Episode 49: SALT Spectroscopy
Simultaneously follow along with the transcript and audio below.
with Dr Elizabeth Naluminsa
The IAU celebrates Women and Girls in Astronomy Month throughout February, from February 11th, 2022 in tandem with the United Nations’ International Day of Women and Girls in Science, to International Women’s Day on 8 March.
To celebrate this we speak with a wonderful woman who is one of the first Ugandan women to obtain her PhD in Astronomy. Her dissertation topic was “Star Formation and Disk Stability in Nearby Galaxies”, which puts her at the forefront of galaxy evolution studies.
Liz is now working at the South African Astronomical Observatory with the Southern African Large Telescope ( SALT ) and she speaks with us about her work on SALT and SALT instrumentation.
SALT currently houses two spectrographs, the High-Resolution Spectrograph and the Robert Stobie Spectrograph. Liz’s work focuses on a specific observing mode with SALT called the Fabry-Perot imaging mode in which we can map galaxies and their motions!
Above: A velocity map of the galaxy NGC 1325 created with the RSS Fabry-Pérot mode
This week’s guest
IAU Women and Girls in Astronomy Month https://www.iau.org/public/women-and-girls-in-astronomy/
National Astrophysics and Space Science Programme: https://www.star.ac.za/
The Southern African Large Telescope (SALT): https://www.salt.ac.za/
Transcript by Vuyolwethu Mpetshwa and Mohammed Riaz Omar.
[00:00:00] Jacinta: Welcome to The Cosmic Savannah with Dr. Jacinta Delhaize
[00:00:09] Dan: and Dr. Daniel Cunnama. Each episode, we’ll be giving you a behind the scenes look at world-class astronomy and astrophysics happening under African skies.
[00:00:16] Jacinta: Let us introduce you to the people involved, the technology we use, the exciting work we do and the fascinating discoveries we make.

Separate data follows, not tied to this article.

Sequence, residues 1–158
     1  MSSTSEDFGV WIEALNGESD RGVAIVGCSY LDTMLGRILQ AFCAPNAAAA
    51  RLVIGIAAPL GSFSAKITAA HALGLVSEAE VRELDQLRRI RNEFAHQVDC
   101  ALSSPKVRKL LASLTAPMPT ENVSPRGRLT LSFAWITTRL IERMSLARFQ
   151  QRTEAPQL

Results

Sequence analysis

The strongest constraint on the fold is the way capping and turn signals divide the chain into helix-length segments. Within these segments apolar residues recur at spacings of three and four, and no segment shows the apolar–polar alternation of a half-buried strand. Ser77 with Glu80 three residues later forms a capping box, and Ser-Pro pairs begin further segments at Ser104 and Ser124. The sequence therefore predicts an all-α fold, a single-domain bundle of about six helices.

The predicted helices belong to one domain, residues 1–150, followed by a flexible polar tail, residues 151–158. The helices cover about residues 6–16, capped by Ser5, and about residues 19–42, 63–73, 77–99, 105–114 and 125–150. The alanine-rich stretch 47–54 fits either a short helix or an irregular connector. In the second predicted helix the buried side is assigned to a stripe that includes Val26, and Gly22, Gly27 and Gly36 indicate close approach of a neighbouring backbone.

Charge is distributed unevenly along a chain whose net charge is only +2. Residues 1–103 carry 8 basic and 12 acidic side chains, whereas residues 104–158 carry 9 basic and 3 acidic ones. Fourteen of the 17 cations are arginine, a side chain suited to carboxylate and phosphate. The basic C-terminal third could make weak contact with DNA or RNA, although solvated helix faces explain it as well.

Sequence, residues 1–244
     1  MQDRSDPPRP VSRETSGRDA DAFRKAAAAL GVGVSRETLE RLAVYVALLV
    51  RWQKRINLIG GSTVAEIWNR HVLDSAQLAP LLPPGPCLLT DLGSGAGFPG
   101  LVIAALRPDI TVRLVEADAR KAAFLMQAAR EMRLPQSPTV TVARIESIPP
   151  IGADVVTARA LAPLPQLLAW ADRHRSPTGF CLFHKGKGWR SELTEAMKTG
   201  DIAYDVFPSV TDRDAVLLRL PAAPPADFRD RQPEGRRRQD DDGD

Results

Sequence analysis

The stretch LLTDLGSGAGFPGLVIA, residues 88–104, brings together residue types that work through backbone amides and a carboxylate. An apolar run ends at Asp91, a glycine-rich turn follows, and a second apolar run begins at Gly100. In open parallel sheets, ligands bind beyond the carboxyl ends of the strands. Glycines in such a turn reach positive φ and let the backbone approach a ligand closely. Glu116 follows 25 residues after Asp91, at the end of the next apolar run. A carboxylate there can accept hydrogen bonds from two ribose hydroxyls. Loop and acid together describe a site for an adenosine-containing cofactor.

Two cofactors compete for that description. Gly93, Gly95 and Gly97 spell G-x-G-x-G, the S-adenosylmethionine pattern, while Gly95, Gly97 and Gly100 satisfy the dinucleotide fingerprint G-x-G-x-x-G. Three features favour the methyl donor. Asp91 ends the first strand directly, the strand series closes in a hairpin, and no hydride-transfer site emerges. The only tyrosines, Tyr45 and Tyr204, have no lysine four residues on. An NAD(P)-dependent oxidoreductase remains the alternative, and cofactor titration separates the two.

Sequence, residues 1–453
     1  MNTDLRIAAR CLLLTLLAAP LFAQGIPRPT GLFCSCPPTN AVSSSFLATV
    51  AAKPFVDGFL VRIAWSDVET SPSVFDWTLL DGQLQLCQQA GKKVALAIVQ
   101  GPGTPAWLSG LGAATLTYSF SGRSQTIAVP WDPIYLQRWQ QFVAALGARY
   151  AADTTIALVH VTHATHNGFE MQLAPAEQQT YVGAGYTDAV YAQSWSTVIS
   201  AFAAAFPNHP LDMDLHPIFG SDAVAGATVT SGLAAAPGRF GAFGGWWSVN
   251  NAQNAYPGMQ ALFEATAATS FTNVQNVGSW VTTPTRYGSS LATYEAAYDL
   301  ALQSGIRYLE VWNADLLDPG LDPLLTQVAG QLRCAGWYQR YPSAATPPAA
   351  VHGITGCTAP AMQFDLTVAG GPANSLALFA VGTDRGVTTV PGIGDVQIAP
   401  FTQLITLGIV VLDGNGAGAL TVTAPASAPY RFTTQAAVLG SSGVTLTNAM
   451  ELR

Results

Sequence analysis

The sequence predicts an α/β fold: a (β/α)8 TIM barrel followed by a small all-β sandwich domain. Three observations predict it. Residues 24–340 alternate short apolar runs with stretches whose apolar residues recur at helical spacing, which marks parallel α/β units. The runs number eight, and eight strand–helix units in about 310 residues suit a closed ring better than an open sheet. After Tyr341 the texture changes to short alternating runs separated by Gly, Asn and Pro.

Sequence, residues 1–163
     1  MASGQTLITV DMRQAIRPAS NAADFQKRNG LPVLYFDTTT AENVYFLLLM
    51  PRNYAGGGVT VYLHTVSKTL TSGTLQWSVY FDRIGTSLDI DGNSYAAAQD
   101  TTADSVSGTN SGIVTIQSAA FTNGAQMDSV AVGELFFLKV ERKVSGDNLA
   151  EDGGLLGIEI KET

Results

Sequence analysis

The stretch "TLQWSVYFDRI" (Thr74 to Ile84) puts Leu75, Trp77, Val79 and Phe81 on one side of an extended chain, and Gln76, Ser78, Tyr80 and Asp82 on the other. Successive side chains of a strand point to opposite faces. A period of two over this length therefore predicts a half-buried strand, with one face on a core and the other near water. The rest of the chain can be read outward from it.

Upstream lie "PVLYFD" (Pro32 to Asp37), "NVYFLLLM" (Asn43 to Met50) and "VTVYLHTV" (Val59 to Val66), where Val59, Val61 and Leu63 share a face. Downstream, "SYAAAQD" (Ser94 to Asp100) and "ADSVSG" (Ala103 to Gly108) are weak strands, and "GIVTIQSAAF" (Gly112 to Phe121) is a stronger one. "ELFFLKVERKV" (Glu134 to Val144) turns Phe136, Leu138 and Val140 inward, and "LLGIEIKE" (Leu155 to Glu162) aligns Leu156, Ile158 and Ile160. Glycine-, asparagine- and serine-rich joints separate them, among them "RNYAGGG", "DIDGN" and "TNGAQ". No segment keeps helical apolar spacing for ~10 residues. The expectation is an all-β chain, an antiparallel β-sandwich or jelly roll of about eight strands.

[00:00:25] Dan: Sit back and relax as we take you on a safari through the skies.
[00:00:35] Jacinta: Hi, welcome to episode 49.
[00:00:37] Dan: Episode 49. Are we going to do something special for episode 50 half century?
[00:00:42] Jacinta: Oh yeah, Goodness. That happened fast.
[00:00:46] Dan: And now we’ve put pressure on ourselves to do something special.
[00:00:50] Jacinta: Oh no. Oh no. We should have planned this. We also have something special for you this week. Today, we will be talking to Dr. Elizabeth Naluminsa about her work with the SALT telescope and a particular spectrograph and a particular mode on that spectrograph called the Fabry Perot interferometry mode. So we will explain everything about what that is and as will Liz. But, this particular episode is to celebrate something special. Right Dan?
[00:01:21] Dan: Yeah, the International Astronomical Union is running a women in astronomy month. Is it a month?
[00:01:28] Jacinta: It’s not quite a month.
It’s between the 11th of February, which is the international day of women and girls in science and the 8th of March, which is the International Women’s Day.
[00:01:38] Dan: Yeah. And basically that’ll be focusing on celebrating women in astronomy and in science.
[00:01:43] Jacinta: Yeah, women and girls in astronomy and that’s run by the IAU. So the International Astronomical Union’s Office for Astronomy Outreach. That’s OAO, Office of Astronomy Outreach.
[00:01:56] Dan: And as part of that we, or you, spoke to Liz.
[00:02:00] Jacinta: Yeah. So I spoke to Liz as part of this women and girls in astronomy project. It’s kind of an international thing where there’s loads of different events and initiatives involved with this idea all over the world. And you can go onto the website and we’ll put a link on our show notes, where you can go and find out about all of the activities going on in.
Hopefully there’ll be something wherever you are, but there’s a lot of virtual events going on that you can join in for kids. There’s a draw an astronomer competition. And yeah, lots of other things. There’s a YouTube channel where you can go and see videos from women in astronomy and lots of stuff on social media. So check that out.
[00:02:44] Dan: And our podcast hopefully.
[00:02:45] Jacinta: Yeah. And this podcast, hopefully. We must remember to register it officially. This episode will come out during that time. Yeah. So that hopefully we can be part of it and be on their, on their calendar.